High EU CO2 price reduces coal power share in German electricity generation
Europe’s CO2 price for the energy and industry sector (EU ETS) has reached a record 38 euros per tonne. In Germany this has caused electricity production from coal-fired power plants to be replaced by gas power in early February, which is normally more expensive and therefore less used in the country’s power system. Even the most modern and efficient lignite-fired power plants that are usually able to generate power at low costs by using lignite mined nearby have been beaten by gas-fired alternatives due to the high costs for CO2 emission allowances, Jakob Schlandt writes in Tagesspiegel Background (behind paywall). This development is aided by low gas prices and the fact that some of the most modern coal-fired power stations were mothballed at the beginning of the year as part of Germany’s coal exit, analyst Mirko Schlossarczyk from consultancy Enervis told Tagesspiegel Background.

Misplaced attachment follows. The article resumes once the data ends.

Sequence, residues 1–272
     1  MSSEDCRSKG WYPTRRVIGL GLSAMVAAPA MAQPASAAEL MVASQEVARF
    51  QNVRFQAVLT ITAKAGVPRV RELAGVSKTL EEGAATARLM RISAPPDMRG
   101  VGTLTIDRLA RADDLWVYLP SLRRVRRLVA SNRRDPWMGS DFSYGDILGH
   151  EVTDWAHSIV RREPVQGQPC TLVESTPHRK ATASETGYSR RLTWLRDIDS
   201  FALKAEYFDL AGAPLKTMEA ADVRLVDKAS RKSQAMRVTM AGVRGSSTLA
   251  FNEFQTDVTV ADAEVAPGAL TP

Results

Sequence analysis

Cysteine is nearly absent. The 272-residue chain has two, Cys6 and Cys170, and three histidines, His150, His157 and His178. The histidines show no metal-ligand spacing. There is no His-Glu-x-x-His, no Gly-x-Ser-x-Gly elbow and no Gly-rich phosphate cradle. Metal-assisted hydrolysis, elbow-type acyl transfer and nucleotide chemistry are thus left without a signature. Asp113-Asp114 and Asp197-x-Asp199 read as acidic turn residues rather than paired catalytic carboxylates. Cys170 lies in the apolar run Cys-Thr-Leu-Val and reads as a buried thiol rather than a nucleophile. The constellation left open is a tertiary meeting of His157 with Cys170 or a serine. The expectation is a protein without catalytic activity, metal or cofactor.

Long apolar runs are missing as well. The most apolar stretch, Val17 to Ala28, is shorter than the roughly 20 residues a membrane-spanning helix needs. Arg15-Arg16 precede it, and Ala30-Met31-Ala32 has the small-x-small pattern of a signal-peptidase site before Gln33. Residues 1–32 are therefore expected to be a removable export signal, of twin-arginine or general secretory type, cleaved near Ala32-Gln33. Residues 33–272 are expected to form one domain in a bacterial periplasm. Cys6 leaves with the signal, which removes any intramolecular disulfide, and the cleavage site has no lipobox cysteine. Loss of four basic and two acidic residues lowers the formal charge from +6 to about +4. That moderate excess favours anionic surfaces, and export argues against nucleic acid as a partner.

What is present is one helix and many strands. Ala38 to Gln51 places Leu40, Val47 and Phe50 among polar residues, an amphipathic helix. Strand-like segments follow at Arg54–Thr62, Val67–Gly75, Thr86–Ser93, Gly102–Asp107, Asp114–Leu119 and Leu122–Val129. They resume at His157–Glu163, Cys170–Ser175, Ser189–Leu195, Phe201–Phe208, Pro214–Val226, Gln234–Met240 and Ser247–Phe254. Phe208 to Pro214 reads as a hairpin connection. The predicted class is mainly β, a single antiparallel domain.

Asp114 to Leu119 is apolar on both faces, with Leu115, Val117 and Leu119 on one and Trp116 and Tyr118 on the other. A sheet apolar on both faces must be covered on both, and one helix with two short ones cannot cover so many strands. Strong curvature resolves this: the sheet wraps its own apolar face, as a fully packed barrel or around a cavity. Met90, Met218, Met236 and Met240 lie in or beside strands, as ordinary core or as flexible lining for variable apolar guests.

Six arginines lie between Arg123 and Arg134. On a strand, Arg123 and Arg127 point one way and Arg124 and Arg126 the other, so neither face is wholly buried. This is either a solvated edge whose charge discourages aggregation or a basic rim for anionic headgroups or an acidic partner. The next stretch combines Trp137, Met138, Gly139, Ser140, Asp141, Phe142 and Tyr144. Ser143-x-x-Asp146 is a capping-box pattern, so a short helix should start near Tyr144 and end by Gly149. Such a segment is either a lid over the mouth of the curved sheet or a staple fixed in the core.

Even before this latest peak in allowance prices, the merit order, denoting the order of deployment of power plants in Germany, had shifted significantly in 2020. Gas-fired combined heat- and power plants benefited from low gas prices and were able to displace lignite-fired plants. Experts struggle to identify a fundamental reason for the EU ETS price being so high at the moment, leading some to believe that it might be due to speculation and will not be sustained by the market.